Election Day likely signaled the beginning of a new era in Beachwood. At the end of the night on Nov. 7, City Council President Martin S. Horwitz had received more votes than incumbent Mayor Merle S. Gorden, who has served in that role since 1995.
According to final, unofficial results from the Cuyahoga County Board of Elections, Horwitz received 1,590 votes, or 37.7 percent of the votes, to 1,553 votes for Gorden, or 36.8 percent. Beachwood School Board president Mitchel Luxenburg came in third with 1,076 votes, or 25.5 percent.
However, there may be more votes yet to count.
A board of elections spokeswoman told the Cleveland Jewish News on Nov. 8 that 3,330 provisonal ballots and an unknown number of absentee ballots across the county were still to be counted. The spokeswoman was unsure whether any of those votes would be from Beachwood, and it was not known when these ballots would be counted.
Absentee ballots needed to be postmarked by Nov. 6 but were not required to be received by Election Day.
Final, official results will be certified by the board of elections Nov. 28.
Despite the narrow vote count separating the two candidates, the race doesn’t currently qualify for an automatic recount.
In Ohio, a recount is automatically triggered when the difference between votes doesn’t exceed one half of 1 percent (or 0.50 percent). As of Nov. 8, the difference between the votes was 0.88 percent.
Due to the uncertainty surrounding outstanding ballots and the fact that only 37 votes separates them, neither Horwitz nor Gorden wanted to comment on victory or concession.
“This has been a long and exciting election season,” Horwitz said in a statement provided to the Cleveland Jewish News on Nov. 7, before all precincts were reported. “I am grateful for the support of our community. At this point, the result of the mayoral race is promising but uncertain. I look forward to receiving the final result in the coming weeks.”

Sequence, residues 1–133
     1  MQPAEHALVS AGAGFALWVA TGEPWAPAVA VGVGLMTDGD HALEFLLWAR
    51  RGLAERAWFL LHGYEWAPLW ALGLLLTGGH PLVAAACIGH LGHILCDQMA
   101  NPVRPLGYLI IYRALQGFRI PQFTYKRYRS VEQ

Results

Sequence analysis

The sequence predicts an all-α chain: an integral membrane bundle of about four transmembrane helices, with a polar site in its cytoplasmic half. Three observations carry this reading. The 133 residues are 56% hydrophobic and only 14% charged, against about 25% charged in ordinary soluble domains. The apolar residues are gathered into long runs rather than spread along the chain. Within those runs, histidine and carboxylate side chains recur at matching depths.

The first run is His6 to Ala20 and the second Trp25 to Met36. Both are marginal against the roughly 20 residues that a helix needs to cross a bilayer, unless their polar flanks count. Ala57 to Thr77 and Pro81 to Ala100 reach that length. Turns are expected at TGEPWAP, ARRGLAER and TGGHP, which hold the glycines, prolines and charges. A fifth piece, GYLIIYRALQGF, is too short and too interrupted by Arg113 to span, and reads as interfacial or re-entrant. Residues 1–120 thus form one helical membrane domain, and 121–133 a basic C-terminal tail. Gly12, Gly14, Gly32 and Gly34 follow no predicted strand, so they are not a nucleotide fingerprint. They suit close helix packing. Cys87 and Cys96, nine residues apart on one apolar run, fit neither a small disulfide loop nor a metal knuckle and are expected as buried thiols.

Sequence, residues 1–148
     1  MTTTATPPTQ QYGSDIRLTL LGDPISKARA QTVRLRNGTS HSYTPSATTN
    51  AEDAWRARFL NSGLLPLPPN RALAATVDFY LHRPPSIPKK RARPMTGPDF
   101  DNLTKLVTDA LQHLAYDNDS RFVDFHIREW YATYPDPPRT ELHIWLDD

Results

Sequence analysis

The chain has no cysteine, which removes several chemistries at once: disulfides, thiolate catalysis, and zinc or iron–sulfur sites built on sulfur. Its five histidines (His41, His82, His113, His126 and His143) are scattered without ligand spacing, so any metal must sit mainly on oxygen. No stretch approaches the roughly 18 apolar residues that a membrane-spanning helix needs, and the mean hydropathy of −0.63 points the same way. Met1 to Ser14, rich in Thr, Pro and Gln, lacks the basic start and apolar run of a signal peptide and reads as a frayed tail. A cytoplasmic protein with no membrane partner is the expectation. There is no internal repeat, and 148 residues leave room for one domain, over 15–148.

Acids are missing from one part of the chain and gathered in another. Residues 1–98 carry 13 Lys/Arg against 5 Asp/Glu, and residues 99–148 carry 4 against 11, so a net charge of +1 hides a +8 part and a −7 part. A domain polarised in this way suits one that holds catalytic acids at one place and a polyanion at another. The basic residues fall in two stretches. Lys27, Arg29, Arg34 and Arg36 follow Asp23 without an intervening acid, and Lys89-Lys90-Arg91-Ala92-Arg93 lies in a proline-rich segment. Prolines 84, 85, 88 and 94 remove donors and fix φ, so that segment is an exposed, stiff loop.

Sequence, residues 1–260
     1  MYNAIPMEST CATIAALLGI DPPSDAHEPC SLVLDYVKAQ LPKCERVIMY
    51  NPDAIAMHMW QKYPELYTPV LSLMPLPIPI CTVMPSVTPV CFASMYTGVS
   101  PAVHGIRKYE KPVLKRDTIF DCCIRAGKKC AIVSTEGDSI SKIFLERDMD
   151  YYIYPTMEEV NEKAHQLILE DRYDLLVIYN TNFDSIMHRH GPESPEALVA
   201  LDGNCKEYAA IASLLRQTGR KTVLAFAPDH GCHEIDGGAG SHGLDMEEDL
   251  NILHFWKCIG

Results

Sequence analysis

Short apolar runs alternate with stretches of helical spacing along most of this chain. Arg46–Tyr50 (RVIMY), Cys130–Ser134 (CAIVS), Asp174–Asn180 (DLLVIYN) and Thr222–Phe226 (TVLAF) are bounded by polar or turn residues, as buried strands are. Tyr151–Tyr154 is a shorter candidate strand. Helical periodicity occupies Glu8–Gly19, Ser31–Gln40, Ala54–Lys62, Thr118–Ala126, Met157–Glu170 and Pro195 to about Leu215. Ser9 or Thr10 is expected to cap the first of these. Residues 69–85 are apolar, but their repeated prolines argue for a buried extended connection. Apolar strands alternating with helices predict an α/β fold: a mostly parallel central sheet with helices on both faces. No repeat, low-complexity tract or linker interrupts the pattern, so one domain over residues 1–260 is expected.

Multiple attempts to reach Horwitz for further comment on Nov. 8 were unsuccessful.
Gorden, who was seeking his sixth term, told the CJN that he reached out to the board of elections the morning of Nov. 8 and asked what the next steps will be given that the vote totals are close. He was told nothing could be done until the ballots are certified by the board, he said.
“Until the results are certified, I prefer not to make any comments,” Gorden told the CJN.
Luxenburg did not respond to multiple requests for comment.
Should those unofficial results hold, Horwitz will vacate his council seat on Jan. 1, 2018, when he is sworn in as mayor. Council will have 45 days to select his successor, a procedure not set forth in the charter. Whomever council selects will serve the remainder of Horwitz’s term, which ends Dec. 31, 2019, and a new council president will be elected by a council majority.
During his campaign, Horwitz cited congestion on the city’s busiest roads at peak times as a key issue, and touted that city council – with him serving as president – decreased the mayor’s salary by more than $20,000.
Horwitz also said that during his time on council, he researched other Ohio cities to learn about their policies regarding a mayor’s “vacation pay, on meals, on tickets, on other things that the mayor was paid,” which eventually led to change in Beachwood.
“I was able to get council to basically eliminate a lot of those perks because no other city did it,” he said during the “CJN Inside Politics: Beachwood Mayoral Debate” on Sept. 25.
Gorden first took office when former Mayor Harvey Friedman stepped down in 1995 due to health issues. He has been a Beachwood resident since 1959, and was previously a city council president, council member and volunteer firefighter. He was officially elected to the office in 1997. In 2013, Gorden received 59 percent of the vote and was re-elected to a fifth term over challenger Brian Linick. He is the longest serving mayor of Beachwood.
In a 2015 interview with the Cleveland Jewish News commemorating Beachwood’s 100th anniversary, Gorden highlighted Beachwood’s strong economic viability during his tenure. He counted the U.S. headquarters of Eaton Corp. and University Hospitals Ahuja Medical Center coming to Beachwood among his successes.
Staff Reporter Amanda Koehn contributed to this report
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Publisher’s Notes: Martin S. Horwitz is the father of Gayle Horwitz, a member of the Cleveland Jewish Publication Company Board of Directors.